Thursday, May 10, 2012
VALUES TO PLAYING THE GAME
The following comes from "Mental Toughness: Baseball’s Winning Edge" by Karl Kuehl, John Kuehl, and Casey Tefertiller.
Values related to playing the game include:
Work ethic. Natural talent can carry a player only so far before someone must learn the proper footwork or better throwing technique to play defense well. A player must ask himself if he is willing to devote the time necessary to improve to the next level.
Proper execution. The amount of value a player places on executing different skills and elements of his game will determine how much he focuses and works on them.
Fortitude. This is the strength of mind that allows one to endure adversity and stand up to difficult tests. Colloquially it can be called guys or backbone.
Tenacity. This means sticking through a task to completion. A player must ask himself if he is willing to fight through the frustration to learn a new skill or improve, or simple to remain motivated when things are going badly.
Taking responsibility. It is easy to avoid responsibility for flaws, errors, and mistakes by blaming others and making excuses. The big problem comes when you make those excuses to yourself. By taking responsibility for your actions, you assert control over what can be accomplished.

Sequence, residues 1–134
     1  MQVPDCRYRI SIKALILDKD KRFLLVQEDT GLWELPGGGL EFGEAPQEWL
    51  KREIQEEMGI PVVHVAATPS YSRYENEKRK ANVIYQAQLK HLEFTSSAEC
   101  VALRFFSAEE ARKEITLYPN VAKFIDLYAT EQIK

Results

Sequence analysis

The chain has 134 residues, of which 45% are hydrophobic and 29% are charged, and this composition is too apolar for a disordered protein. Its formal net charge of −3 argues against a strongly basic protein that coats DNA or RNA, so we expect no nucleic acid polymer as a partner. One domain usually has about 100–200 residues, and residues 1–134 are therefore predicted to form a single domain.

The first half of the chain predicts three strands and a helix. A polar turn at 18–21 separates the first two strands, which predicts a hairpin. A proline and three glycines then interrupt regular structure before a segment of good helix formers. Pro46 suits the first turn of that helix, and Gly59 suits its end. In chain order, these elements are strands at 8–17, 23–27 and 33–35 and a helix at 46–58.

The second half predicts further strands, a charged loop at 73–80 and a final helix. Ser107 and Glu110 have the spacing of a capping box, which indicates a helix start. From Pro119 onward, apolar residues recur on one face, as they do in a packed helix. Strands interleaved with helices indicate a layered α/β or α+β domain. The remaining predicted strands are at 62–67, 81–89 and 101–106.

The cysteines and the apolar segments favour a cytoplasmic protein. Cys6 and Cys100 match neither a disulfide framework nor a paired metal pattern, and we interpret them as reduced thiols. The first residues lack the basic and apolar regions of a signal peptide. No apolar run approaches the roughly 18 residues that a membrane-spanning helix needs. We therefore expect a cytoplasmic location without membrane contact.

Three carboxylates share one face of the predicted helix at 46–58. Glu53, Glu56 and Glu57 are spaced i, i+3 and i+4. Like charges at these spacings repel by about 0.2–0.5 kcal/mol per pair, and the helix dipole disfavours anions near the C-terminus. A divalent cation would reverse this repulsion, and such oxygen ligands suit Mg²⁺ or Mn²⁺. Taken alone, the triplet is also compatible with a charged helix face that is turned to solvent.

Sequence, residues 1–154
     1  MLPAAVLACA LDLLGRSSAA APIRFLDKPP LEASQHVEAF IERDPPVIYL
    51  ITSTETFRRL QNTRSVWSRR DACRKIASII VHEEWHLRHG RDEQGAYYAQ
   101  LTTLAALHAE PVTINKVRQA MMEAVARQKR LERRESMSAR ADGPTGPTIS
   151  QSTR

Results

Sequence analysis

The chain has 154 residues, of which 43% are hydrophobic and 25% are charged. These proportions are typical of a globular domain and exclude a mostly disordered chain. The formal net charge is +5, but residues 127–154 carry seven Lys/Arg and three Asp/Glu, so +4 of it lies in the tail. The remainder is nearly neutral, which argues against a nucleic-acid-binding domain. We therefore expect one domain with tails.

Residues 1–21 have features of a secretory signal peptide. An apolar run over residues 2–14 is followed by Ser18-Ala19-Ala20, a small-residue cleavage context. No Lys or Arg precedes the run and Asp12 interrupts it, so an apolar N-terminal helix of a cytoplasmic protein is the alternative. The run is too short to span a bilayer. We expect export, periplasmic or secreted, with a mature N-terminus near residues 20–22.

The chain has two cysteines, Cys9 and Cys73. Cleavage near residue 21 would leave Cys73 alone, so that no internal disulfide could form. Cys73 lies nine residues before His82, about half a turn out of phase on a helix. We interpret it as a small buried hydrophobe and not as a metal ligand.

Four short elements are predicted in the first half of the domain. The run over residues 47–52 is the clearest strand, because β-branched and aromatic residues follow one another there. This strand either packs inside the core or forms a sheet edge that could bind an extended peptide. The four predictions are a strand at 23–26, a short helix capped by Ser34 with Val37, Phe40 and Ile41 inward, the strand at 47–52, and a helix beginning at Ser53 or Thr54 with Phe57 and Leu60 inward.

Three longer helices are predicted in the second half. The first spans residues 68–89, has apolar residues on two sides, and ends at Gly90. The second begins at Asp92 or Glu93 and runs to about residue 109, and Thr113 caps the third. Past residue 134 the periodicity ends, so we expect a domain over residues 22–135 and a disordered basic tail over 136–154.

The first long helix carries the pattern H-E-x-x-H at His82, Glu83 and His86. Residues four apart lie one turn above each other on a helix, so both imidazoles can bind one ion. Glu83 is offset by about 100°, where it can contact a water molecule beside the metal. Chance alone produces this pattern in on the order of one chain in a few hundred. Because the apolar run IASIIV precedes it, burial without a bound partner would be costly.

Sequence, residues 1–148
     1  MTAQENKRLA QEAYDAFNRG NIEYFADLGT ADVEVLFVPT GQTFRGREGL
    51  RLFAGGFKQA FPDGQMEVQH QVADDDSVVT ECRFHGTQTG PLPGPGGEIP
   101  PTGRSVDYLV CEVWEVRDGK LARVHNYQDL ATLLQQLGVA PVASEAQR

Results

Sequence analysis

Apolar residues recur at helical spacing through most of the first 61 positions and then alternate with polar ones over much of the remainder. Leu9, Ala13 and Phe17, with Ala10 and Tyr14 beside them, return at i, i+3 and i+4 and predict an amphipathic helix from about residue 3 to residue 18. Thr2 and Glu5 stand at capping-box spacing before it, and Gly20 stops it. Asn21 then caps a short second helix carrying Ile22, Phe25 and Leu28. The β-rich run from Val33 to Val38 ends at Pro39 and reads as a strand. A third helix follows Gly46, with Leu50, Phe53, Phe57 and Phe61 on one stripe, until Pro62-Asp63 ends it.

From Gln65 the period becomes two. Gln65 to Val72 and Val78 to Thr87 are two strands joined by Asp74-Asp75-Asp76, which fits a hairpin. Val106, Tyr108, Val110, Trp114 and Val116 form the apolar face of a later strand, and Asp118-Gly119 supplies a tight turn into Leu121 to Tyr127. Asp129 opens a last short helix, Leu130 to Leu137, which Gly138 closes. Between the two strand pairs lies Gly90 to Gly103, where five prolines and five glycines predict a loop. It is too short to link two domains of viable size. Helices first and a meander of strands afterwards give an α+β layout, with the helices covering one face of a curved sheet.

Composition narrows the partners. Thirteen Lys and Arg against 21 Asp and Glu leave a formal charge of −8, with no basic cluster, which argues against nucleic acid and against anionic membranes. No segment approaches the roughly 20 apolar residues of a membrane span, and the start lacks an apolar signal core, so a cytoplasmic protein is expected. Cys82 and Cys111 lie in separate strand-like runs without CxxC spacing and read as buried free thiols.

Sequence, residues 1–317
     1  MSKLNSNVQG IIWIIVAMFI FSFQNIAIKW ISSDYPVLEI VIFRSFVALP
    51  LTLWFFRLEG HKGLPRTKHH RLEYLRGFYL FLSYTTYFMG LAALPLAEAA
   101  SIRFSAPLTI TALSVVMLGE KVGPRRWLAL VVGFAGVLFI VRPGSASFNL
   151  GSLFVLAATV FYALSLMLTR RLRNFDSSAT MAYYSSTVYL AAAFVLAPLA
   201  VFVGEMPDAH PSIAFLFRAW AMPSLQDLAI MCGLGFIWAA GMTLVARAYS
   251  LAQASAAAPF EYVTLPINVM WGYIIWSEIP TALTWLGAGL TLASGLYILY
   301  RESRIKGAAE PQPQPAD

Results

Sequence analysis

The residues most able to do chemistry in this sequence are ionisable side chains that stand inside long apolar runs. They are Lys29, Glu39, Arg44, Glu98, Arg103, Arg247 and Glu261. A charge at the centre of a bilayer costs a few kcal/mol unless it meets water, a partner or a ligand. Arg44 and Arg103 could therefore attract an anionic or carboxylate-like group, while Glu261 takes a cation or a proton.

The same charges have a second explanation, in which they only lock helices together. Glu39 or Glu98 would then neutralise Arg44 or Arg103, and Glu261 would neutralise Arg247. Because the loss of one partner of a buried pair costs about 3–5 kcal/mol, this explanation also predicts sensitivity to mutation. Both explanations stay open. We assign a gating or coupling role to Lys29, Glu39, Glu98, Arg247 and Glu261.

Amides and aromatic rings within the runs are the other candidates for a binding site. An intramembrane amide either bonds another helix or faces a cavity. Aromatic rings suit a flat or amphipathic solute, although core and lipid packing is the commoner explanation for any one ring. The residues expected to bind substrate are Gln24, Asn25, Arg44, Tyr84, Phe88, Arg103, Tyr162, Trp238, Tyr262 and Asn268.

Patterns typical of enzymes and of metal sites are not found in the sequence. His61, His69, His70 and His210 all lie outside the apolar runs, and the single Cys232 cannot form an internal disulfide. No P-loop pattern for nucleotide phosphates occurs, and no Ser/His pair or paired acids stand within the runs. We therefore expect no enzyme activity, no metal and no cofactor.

Enthusiasm. The player has an advantage if he can muster up the emotions to try to perform well in every game or workout. This is difficult.
Competitiveness. Some of the desire to compete and test one’s abilities against others may come naturally, but placing a high value on competitiveness increases the ability to compete.
Preparedness. This covers both body and mind. It means putting in practice time on the field and mental time off the field.
Rest. Different people require different amounts of rest and relaxation. It is sometimes essential to get away from the rigors of public life to spend a day fishing to recharge, or simply an evening vegging out in front of the TV to relax. There is a difference between necessary diversion and laziness, and that is a line the individual must assess for himself.